In first grade the sisters told us
of Cain and Abel heaping their fires,
hoping the smoke would make God
smile. Abel’s rose, but Cain’s
hugged the ground like fog
which made him smolder, hot
to shed his brother’s blood—odd
story to tell a roomful of kids.
In ninth grade, home alone, I found
my sister’s pack of Marlboro Lights,
pulled one out—sweet nail—and lit it.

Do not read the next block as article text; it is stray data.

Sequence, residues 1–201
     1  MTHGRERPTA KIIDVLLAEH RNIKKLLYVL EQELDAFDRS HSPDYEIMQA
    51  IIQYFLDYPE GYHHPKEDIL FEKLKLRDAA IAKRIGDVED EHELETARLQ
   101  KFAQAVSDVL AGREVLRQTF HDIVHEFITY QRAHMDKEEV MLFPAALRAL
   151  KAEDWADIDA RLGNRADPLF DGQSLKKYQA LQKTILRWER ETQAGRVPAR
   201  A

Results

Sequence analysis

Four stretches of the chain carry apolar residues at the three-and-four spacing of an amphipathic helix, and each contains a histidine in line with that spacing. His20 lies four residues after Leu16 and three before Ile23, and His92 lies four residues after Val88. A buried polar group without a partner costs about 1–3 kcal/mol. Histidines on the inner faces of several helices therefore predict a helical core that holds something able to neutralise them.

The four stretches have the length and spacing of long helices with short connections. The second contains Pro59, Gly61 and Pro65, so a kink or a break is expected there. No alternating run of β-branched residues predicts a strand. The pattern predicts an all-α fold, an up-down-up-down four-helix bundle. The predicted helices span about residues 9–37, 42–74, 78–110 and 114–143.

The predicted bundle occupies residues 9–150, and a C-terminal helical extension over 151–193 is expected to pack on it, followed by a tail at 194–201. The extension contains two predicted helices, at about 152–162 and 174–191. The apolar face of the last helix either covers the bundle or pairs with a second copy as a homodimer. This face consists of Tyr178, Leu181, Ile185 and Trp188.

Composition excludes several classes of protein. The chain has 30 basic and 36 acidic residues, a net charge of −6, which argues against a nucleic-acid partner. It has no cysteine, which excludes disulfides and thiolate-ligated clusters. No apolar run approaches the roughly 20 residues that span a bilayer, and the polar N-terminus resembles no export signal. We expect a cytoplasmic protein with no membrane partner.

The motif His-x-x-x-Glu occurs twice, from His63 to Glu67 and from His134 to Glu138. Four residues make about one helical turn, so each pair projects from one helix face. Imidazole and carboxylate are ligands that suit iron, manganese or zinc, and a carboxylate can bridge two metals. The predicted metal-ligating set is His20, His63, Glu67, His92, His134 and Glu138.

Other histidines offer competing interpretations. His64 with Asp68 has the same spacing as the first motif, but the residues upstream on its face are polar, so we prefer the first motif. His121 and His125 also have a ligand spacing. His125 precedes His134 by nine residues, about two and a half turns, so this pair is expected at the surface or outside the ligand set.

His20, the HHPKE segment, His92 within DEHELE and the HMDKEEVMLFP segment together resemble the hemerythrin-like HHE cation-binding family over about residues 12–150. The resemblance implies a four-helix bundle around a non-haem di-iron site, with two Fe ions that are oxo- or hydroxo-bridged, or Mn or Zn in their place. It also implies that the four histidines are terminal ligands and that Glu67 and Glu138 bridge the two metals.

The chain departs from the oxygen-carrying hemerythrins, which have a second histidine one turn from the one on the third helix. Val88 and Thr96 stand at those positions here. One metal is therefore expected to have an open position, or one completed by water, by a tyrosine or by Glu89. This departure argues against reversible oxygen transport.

I sat by the fireplace so I could blow
that grey, blue smoke up the flue
where it would rise over the roof, to God
knows where. A dizzy, sexy buzz
fogged my brain, felt damn good.
Sometimes my wife and I come home
and smell that skunky, pungent odor
from behind their door. Godlike,
the law condemns, but we turn blind eyes.
They’re growing up, those two, our sons.
They were boys once, and bitter foes,
but now they smoke together. Time
burns many ways. Their childhood
has passed; we smell it, burned to ash.